Roma (2018)

Directed by Alfonso Cuaron

Screen Shot 2018-11-30 at 10.58.18 PM.png

Roma is breathtaking and incredibly moving, not just from an emotional standpoint but because of the grace with which it is constructed.  It’s a deeply intimate story shot in the manner of an epic, something Cuaron is well adept at doing following movies like Children of Men (2007) and Gravity (2013).  The smallest moments, brought to the big screen, are made larger than life, and really all I’m trying to say is that Roma is one of the best movies I have ever seen.

The story follows Cleo (Yalitza Aparicio), a maid and all around rockstar for an upper class family in Mexico City.  She cares for the family’s gaggle of children and endures the occasionally pointed words of her employer, Sofia, who is acting out after her husband left her for another woman.

Cleo’s journey, from the outside, is quiet and heartbreaking, following about a year in her life after her impregnation by a boy she barely knows (and who abandons her).  Cuaron, acting as his own director of photography, shoots the film almost entirely in wide shots, which either remain motionless or pan softly to the left and right.

Like with his other films he makes great use of the long take.  Two scenes in particular, one involving child birth and the other traversing into thrashing waves, stand out and are deceptively long.  In the former the camera remains mostly still while the emotional-taxing action plays out in several planes of the frame.  The latter has the camera move a few dozen meters left and right on a beach, ultimately working its way into chest high waters.

Much of the film features dynamic background action.  Many scenes play out in relative silence while something amazing goes on in the background.  Sometimes it’s just a marching band or a martial arts class, and in another it’s a large-scale riot.  Cuaron doesn’t call too much attention to all this action, but neither does he cheat it.  He shoots in a manner so that you know it’s really happening then and there.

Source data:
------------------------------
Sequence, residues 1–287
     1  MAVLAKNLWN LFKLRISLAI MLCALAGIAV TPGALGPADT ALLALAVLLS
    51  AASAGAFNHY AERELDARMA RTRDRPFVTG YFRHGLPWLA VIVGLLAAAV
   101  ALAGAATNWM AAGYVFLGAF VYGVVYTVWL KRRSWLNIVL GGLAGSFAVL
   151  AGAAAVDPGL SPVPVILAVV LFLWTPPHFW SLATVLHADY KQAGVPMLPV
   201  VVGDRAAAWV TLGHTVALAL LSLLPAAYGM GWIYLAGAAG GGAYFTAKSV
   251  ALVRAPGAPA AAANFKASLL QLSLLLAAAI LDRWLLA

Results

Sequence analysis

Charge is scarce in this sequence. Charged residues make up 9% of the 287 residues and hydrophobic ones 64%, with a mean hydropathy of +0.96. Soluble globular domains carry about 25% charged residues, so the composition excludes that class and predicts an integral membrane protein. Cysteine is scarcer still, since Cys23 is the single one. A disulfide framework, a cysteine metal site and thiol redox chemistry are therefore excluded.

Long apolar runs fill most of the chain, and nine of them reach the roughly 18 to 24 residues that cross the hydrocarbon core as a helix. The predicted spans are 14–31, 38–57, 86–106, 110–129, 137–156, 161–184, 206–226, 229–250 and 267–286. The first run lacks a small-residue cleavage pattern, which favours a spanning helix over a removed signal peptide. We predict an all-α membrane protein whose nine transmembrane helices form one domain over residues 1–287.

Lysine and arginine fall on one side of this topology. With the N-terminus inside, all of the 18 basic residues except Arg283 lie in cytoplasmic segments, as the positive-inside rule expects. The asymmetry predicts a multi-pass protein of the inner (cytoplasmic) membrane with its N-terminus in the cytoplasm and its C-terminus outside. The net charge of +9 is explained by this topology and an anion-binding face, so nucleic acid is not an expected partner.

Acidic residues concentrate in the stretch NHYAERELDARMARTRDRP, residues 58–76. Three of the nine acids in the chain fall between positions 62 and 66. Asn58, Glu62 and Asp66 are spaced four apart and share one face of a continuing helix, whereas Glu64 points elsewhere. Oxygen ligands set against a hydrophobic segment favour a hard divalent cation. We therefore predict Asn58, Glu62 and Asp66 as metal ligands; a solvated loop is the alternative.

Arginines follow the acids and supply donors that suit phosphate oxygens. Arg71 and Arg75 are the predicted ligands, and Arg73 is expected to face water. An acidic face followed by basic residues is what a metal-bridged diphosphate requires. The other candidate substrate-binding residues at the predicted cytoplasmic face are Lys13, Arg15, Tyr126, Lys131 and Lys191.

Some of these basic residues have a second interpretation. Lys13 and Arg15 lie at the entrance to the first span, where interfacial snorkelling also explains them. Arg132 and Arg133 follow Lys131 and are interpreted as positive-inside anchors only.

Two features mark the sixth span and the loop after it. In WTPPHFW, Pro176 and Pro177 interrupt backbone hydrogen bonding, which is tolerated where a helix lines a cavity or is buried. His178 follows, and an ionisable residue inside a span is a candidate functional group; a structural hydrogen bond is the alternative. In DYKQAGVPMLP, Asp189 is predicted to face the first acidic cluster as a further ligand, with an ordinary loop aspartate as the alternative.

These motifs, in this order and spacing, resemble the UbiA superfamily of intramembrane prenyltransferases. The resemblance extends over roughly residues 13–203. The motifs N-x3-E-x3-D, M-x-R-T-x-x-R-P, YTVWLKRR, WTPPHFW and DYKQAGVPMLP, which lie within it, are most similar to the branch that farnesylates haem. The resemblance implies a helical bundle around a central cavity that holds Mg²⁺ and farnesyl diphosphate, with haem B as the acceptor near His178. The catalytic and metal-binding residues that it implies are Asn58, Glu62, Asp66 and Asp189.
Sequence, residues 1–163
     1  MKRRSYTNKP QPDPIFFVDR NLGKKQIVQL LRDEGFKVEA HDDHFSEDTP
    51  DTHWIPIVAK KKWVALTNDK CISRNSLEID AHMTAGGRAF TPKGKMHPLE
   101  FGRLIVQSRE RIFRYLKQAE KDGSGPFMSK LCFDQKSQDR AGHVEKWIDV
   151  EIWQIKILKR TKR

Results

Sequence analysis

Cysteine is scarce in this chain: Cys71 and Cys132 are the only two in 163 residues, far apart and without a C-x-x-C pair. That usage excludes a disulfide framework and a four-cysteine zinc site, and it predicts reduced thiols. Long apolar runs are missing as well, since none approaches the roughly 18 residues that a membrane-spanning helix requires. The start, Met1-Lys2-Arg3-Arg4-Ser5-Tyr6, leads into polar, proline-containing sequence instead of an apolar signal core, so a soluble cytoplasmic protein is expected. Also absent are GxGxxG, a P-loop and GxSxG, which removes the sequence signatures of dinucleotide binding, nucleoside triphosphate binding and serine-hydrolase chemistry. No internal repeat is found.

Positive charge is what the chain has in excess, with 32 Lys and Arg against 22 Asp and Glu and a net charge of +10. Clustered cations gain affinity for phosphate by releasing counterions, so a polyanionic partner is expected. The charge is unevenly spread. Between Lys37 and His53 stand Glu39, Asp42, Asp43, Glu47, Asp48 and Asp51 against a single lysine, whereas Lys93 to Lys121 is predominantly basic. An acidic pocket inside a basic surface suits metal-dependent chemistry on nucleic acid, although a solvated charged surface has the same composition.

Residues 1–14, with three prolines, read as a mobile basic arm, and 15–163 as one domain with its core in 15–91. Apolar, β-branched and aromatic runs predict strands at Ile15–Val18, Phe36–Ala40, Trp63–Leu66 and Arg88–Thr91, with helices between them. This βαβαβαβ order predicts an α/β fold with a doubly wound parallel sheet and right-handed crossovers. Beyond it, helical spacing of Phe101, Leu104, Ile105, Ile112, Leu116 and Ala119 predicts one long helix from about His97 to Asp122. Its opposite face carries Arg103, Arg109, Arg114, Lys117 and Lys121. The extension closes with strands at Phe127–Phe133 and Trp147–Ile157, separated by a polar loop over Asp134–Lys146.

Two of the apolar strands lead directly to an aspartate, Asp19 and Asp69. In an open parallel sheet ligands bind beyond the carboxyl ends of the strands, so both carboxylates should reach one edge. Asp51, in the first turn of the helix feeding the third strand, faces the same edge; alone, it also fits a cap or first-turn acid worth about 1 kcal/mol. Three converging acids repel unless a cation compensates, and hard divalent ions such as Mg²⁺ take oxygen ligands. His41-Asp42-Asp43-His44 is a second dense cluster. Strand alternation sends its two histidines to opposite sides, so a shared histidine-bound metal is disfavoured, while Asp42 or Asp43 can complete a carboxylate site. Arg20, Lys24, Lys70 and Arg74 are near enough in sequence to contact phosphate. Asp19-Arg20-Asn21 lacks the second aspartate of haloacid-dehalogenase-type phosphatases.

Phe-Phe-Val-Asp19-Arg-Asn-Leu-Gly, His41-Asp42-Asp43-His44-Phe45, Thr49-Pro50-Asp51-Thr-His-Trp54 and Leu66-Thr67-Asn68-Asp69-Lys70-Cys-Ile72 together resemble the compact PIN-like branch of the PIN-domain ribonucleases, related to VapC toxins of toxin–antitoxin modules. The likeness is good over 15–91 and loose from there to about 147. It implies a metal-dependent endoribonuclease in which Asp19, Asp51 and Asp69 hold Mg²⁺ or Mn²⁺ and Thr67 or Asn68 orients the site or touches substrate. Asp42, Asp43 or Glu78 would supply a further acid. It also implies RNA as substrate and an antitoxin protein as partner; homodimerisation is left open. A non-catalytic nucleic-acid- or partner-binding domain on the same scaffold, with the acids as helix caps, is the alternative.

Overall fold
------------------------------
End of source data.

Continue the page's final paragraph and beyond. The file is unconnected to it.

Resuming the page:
For these reasons Roma, again like Children of Men, is insanely immersive.  The sound design too, I should mention, is wild, and in a theater the noises travel throughout the audience, and in some cases make you think a person beside you is talking.

It’s hard not to feel what it’s like to live in this time and place.  Every image is a visual masterpiece, and the choreographed action feels so organic that it’s hard not to feel like you’re standing right there.  Where some productions may carefully differentiate between foreground and background action, in Roma it’s often melted together.  There are moments of no great importance, conventionally speaking, in which characters move between the front and back of the screen, covering a lot of space.  It’s hard not to wonder how many takes some of these scenes took, like one in which the father of Cleo’s child threatens her and then hurries off to board a moving truck deep in the back of the frame.

I think a lot of the timing works, or seems to, because from what I can tell there wasn’t a rigid script (within the confines of a given shot) to work from.  Many of the actors are nonprofessional, and Cuaron apparently would only give them certain dialogue on the day of.  My guess is that it kept the actors enough on their toes that a particular moment might only borrow some of the scripted dialogue.  That means that when the father of Cleo’s child had to run off to the truck, he reacted to it in real time, as you do in life.

Such a naturalistic way of shooting would seem to allow for the freedom of movement within the frame.  Just about every shot, including the first, of Roma is riveting.  The whole thing feels fluid and authentic, and then you have the heartbreaking story underneath.  This isn’t just a well-shot melodrama but a well-shot, well-scripted and well-acted human story.  The whole thing is quite the experience, one of the best I’ve had at the theater all year.

Up Next: The Favourite (2018), Terminator 3: Rise of the Machines (2003), The Right Stuff (1983)

Leave a Reply

Fill in your details below or click an icon to log in: Logo

You are commenting using your account. Log Out /  Change )

Facebook photo

You are commenting using your Facebook account. Log Out /  Change )

Connecting to %s